The mother opened the door wide and waved us into a sparsely furnished room. Benches covered in tasseled cushions lined three sides of the room. A table stood in front of them. Samarah covered it with an embroidered tablecloth. Hamid sat at the head, next to him Erik, and the men in his wife’s family, and then the women at the far end. Samarah’s father looked fierce with his handlebar moustache, but he was a gentle grandfather, and handed sweet tidbits to his grandchildren when the other adults were not looking.
With downcast eyes, Samarah put a round-bellied teapot and gilt-decorated glasses in front of her husband. He did not deign to look at her but ordered her to get more glasses. She had the same robust posture as her mother, the same twinkling eyes, kohl-lined. Hamid poured the tea from arms length height into a glass. Then he poured the frothy liquid back into the pot and repeated this several times. Green tea, mint and sugar blended to a perfect brew.
When most of the day's heat had gone, we went outside to sit in the courtyard. Not on chairs; Moroccan village houses contained few chairs. Piles of soft cushions lined the wall. We leaned against them and drowsed in the hot languor of late afternoon. The dappled pattern on the sun-drenched courtyard resembled fine lace. We all sank into pleasant idleness.
The shadows grew taller. A small lizard took over the still sun-hot walls as its hunting ground. Crickets appeared and I listened to their gentle whirring in the hot night air. The younger girls, supervised by their mother, busied themselves in the kitchen. The friendly sizzle of frying food stirred activity. The father and grandfather put two round tables with stubby legs in the courtyard. Samarah puffed up the cushions and put them round the tables. Hamid grabbed Samarah by the arm and indicated that his cushion was not plumped enough. She hastened to obey him. Erik caught my eye, and then the men crouched around one table, the women around the other.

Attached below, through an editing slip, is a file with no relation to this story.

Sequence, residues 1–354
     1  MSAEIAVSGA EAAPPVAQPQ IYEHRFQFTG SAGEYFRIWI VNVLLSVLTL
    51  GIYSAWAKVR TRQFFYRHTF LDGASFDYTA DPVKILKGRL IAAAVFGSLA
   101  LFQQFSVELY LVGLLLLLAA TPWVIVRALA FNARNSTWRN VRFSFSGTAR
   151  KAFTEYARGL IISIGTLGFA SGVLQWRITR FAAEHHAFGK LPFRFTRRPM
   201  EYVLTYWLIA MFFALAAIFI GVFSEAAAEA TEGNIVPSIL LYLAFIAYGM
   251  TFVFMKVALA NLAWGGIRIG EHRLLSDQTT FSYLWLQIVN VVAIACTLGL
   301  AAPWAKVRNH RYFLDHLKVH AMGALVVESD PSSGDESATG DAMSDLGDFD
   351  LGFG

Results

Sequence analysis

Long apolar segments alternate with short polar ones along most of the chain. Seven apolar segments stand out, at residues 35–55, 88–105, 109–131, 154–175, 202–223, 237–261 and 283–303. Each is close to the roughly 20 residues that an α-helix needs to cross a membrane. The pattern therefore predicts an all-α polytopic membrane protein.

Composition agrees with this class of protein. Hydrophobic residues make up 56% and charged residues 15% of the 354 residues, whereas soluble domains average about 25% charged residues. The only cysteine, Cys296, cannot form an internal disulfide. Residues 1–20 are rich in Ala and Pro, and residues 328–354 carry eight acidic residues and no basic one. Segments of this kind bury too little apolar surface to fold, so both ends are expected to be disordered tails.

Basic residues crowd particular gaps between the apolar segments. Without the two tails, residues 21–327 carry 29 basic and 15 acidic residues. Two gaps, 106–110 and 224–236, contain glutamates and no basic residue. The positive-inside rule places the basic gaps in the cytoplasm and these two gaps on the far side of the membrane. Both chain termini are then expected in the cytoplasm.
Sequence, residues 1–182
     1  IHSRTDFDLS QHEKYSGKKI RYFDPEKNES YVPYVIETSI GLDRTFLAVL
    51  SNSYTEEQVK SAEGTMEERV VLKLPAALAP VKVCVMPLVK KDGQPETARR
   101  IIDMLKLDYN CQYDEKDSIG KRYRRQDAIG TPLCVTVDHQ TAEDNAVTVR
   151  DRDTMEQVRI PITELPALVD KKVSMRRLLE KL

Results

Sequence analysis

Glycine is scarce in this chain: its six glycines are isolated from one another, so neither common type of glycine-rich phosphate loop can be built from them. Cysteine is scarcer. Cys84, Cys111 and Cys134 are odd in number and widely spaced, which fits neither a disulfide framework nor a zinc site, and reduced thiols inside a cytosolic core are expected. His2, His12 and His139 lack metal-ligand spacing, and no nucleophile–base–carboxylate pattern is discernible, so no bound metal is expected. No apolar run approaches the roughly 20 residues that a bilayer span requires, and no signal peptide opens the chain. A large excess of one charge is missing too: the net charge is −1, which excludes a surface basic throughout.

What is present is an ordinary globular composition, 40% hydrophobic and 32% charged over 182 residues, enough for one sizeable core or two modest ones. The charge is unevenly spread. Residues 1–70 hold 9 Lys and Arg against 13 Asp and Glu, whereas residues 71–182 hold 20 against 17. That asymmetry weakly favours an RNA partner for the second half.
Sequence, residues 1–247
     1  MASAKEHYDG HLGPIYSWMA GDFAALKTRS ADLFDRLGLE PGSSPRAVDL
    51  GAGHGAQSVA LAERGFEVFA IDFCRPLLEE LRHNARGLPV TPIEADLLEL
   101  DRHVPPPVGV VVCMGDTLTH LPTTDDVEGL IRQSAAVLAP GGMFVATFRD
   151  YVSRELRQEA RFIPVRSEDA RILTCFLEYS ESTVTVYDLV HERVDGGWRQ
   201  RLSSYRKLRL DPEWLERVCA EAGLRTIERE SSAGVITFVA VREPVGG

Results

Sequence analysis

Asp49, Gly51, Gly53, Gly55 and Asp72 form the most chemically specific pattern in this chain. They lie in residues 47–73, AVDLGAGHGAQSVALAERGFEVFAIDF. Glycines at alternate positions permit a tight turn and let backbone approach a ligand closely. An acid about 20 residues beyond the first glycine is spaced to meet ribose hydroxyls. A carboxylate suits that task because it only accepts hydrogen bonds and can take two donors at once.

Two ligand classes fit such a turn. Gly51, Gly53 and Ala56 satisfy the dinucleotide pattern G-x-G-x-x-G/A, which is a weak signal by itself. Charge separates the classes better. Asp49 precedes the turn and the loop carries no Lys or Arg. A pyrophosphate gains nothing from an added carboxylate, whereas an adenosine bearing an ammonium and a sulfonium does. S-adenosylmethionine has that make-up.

Hamid shouted some words in Arabic. Samarah hurried to the kitchen and returned with big round, flat bread. Two of her sisters each carried a large bowl piled high with steaming cracked wheat decorated with chunks of chicken, bright orange carrots and yellow-green marrows. No plates. No cutlery.
The mother showed me how to roll the grains into a ball and dip it into the sauce, using my right hand only - the left reserved for hygienic functions. She pushed the best morsels of meat and raisins my way.
After the meal we again sank back in our cushions. The cool night-air stroked my face. Thousands of stars sparkled in the ink-blue sky. No light pollution marred this part of the world. Hamid stood fuming in the doorway and summoned Samarah to join him in their bedroom. The mother looked at me with a meaningful smile. I looked at Erik and shook my head.
The mother helped me push two benches together for Erik and I to sleep on. She rubbed her forefingers against each other, pointed at Erik and pointed at me. I showed her my wedding ring. She flashed a conspiratorial smile and left us alone.
A shaft of moonlight shone through a slit in the curtains. Moths gathered in its path, easy prey for the green lizards. A cockerel mistook the hour and crowed. A dog barked in the distance, a second one took over and a third until the sound drifted away. Sleep claimed me.
The next morning the village muezzin's voice over the loud speakers of the mosque woke me. "Allah Akbar," he croaked. Allah is great.
The house awoke. Hamid bawled a cavalcade of sounds. A door slammed shut. Another salvo of words bounced against the walls. Feet pitapatted. High-pitched voices filled the courtyard, and from my window I saw Samarah surrounded by her sisters. With one hand, Samarah tried to hide a bloody streak on her face. They indicated for me to follow them. We clung together on the porch and sat on the stone steps, inside the house, but away from the men.
In a rush of words emphasized by gestures, Samarah spoke. One of the girls dabbed the bleeding scratch. Another put her arm around her shoulder and hugged her. A babble of voices, all joined in the commotion, all wailed, all spoke at the same time and interrupted each other. I heard indignation in their voices then soothing words, comforting words, consoling words. I did not understand Arabic but I knew that Samarah told about her husband’s violence, his coarseness, her marriage of two weeks.
Her body language and tone of voice were universal. I needed no translation.